Mengenai mengapa beliau tidak bertanding untuk jawatan presiden dan sama ada ia adalah kerana Anwar bakal menggantikan penyandang Datuk Seri Dr Wan Azizah Wan Ismail masih berkuasa, Azmin berkata beliau selesa bekerja dengan salah seorang daripada mereka.

Beliau berkata PKR masih memerlukan Anwar dan tidak ada sebab untuk beliau mencabarnya atau isterinya, Azizah.

“Anwar adalah simbol dalam PKR dan kita perlukan beliau untuk memimpin parti. Saya rasa saya adalah yang pertama meyakinkan beliau untuk menjawat jawatan presiden parti.

“BN tidak akan membenarkannya dengan mudah untuk mengambil jawatan presiden parti… jika apa-apa menghalang Anwar memimpin PKR, Azizah juga mempunyai keupayaan memimpin parti,” katanya dan menambah masanya akan tiba apabila parti perlu bergerak bukan kerana Anwar.

Azmin berkata PKR bukan “parti Anwar” dan ia mesti wajar memberi peluang dan ruang untuk pemimpin generasi kedua bersedia untuk mengambil alih tampuk pentadbiran.

Beliau berkata, adalah cabaran terbesar bagi PKR sekarang supaya ia perlu memastikan terdapat inisiatif dan program mengenal pasti bakat-bakat baru dalam parti dan merekrut profesional muda menjadi ahli.

Para pemimpin muda katanya, mesti terus diberikan peluang mengambil bahagian dalam proses membuat keputusan di semua peringkat.

PKR mengadakan pemilihan secara langsung untuk memilih pemimpin di semua peringkat, termasuk jawatan tertinggi parti. Pemilihan bermula pada 25 April dan berakhir pada 11 Mei. – 12 April, 2014.

Azmin tells why he didn’t go for president’s post

Incumbent PKR deputy president Azmin Ali said he is not contesting the party’s president post as he sees no reason to challenge either Anwar Ibrahim or his wife, Dr Wan Azizah Wan Ismail.

Azmin said both Anwar, the party’s de facto leader and Wan Azizah, the incumbent president, are both more than capable in running the party, especially at this challenging times.

“Anwar is a symbol of the party’s struggle and we still need him to lead us,” Azmin said in an interview with several reporters in Penanti, Penang, yesterday.

“Should Anwar be banned from politics (if he fails to overturn his sodomy conviction and five-year jail term), Azizah has the capacity to continue the struggle and lead the party,” he added.

Azmin’s remark may surprise many as he is not known to be an ally of Wan Azizah, who is closer to Selangor Menteri Besar Khalid Ibrahim.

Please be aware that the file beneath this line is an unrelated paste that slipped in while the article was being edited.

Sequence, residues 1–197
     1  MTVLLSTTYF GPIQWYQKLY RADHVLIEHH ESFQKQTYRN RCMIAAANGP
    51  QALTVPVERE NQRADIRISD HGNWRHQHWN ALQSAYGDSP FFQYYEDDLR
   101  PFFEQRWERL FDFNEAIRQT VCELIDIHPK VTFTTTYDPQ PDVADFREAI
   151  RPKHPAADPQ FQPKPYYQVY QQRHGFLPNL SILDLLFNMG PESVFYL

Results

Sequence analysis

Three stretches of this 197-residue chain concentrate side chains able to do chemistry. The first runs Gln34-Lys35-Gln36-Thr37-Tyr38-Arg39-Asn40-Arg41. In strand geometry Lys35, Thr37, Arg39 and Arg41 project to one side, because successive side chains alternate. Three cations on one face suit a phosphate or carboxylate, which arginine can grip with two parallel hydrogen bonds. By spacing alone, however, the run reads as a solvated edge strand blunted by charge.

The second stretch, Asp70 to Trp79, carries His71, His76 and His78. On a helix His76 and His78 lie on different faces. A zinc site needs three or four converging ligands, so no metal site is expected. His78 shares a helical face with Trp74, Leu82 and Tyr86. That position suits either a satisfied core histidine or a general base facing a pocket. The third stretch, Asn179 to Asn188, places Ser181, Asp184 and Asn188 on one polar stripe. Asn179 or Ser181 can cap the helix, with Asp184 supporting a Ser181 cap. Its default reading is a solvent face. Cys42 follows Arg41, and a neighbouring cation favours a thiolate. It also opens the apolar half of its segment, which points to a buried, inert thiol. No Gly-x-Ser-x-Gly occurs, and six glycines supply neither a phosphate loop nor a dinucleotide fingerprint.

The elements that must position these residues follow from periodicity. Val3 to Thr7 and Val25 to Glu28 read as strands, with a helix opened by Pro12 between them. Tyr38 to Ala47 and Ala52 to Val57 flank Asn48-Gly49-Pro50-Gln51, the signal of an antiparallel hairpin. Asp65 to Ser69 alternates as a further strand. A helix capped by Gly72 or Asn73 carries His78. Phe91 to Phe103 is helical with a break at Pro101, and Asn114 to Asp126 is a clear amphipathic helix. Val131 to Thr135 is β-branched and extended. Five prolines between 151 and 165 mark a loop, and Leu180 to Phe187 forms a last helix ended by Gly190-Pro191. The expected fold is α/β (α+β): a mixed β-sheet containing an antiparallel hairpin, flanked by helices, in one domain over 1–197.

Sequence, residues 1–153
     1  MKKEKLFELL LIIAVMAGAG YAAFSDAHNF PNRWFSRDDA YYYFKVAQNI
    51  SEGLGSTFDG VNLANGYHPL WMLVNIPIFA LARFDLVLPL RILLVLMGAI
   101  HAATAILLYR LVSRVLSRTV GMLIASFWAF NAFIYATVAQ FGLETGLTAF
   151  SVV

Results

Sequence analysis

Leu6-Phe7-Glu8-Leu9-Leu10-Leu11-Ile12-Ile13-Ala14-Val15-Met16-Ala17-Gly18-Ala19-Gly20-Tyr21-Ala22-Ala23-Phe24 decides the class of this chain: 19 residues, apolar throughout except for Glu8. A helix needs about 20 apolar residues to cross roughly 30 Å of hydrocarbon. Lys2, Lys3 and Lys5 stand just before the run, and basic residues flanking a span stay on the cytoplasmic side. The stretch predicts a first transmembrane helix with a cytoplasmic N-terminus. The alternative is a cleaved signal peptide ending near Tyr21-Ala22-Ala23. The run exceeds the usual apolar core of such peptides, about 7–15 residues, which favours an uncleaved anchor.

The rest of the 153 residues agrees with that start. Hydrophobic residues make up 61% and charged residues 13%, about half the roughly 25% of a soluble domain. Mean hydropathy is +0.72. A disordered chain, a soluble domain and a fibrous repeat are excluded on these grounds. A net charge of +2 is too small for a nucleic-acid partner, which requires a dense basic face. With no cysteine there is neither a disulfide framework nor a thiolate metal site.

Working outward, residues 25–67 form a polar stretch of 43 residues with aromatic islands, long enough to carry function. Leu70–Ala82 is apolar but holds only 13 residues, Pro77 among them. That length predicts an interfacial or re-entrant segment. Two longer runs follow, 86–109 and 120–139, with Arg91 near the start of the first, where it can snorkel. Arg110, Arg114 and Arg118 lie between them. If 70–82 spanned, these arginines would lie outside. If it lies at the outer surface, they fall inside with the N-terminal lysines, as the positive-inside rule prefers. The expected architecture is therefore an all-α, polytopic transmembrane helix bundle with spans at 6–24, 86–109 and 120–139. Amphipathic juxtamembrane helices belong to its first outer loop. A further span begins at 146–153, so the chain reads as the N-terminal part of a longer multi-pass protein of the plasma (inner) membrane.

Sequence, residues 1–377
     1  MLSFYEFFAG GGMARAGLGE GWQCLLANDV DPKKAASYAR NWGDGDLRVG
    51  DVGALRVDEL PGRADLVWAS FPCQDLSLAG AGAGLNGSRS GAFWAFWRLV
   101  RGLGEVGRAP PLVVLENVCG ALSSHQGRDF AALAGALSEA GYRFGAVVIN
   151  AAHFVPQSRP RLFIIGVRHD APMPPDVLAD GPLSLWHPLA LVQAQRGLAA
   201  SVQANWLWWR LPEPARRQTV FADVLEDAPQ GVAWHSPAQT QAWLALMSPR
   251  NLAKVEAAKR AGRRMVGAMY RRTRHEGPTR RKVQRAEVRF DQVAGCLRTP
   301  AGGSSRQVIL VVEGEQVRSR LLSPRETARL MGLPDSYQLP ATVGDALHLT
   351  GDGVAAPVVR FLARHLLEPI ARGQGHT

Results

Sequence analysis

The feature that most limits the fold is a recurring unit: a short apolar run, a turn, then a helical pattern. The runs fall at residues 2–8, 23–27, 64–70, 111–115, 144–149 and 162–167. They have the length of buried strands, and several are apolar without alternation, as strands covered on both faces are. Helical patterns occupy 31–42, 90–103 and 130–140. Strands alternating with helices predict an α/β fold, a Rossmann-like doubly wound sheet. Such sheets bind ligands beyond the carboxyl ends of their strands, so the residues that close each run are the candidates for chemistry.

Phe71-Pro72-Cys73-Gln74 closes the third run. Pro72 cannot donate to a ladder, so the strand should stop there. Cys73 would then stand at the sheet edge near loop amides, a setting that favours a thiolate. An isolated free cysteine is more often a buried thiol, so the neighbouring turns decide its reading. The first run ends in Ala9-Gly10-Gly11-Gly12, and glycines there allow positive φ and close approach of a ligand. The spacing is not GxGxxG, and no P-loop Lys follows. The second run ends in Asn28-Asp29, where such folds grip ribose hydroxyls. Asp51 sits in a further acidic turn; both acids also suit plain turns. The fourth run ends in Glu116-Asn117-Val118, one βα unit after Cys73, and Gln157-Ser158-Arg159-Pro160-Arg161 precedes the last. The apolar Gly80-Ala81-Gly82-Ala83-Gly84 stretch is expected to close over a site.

He was asked why he did not go for the president’s post after having served the party for over 15 years since the reformasi movement was launched in 1998 following the sacking of Anwar from his deputy prime minister’s post and his subsequent six-year jail term for corruption and sodomy.

Nevertheless, Azmin said that someday PKR will have to move beyond Anwar as the party is not “Anwar-centric”.

Both Anwar and Wan Azizah are gunning for the party’s top post, while Azmin will face three challengers for his deputy president’s post – Khalid, secretary-general Saifuddin Nasution Ismail and Hulu Selangor branch chief K Rama Chandram.

Azmin is facing an intense fight this time as Saifuddin has forged a ‘Our Future Together’ pact with Nurul Izzah Anwar and Rafizi Ramli, both of whom are contesting for the vice-president’s post.

Saifuddin had said the pact was to offer party members an alternative amid a bitter feud between Azmin and Khalid.

Speculation is rife that Anwar’s candidacy is due to pressure from Azmin, who had earlier wanted to challenge Wan Azizah for the top post.

But Azmin dismissed the notion, arguing he was one of the first leaders in PKR to have met Anwar as far back as last year and convinced him to contest the top seat.

“We believe the party still needs the leadership of Anwar but at the same time, Umno and BN do not allow him to have it easy,” Azmin said, when met at Yayasan Aman.

“They don’t want him to participate in the by-election in Kajang or take up any post in party. They will go all out to deny his right to lead us,” he lamented.

No defection even if he loses

Azmin was in Penang to address PKR members from the northern region, and he will be launching his campaign dubbed ‘Keadilan Raya’ on April 16 – 10 days ahead of the party’s polls which is to be held between April 26 and May 11, to be carried out in stages according to states.

A total of 496,923 out of the party’s 500,001 members are eligible to vote in this second direct party elections.

Asked if he would eventually rejoin Umno if he loses the deputy president’s post in the coming polls, Azmin retorted, “My track record speaks for itself.”

He was one of the first to be arrested under the Internal Security Act on Sept 16, 1998, four days before Anwar was arrested.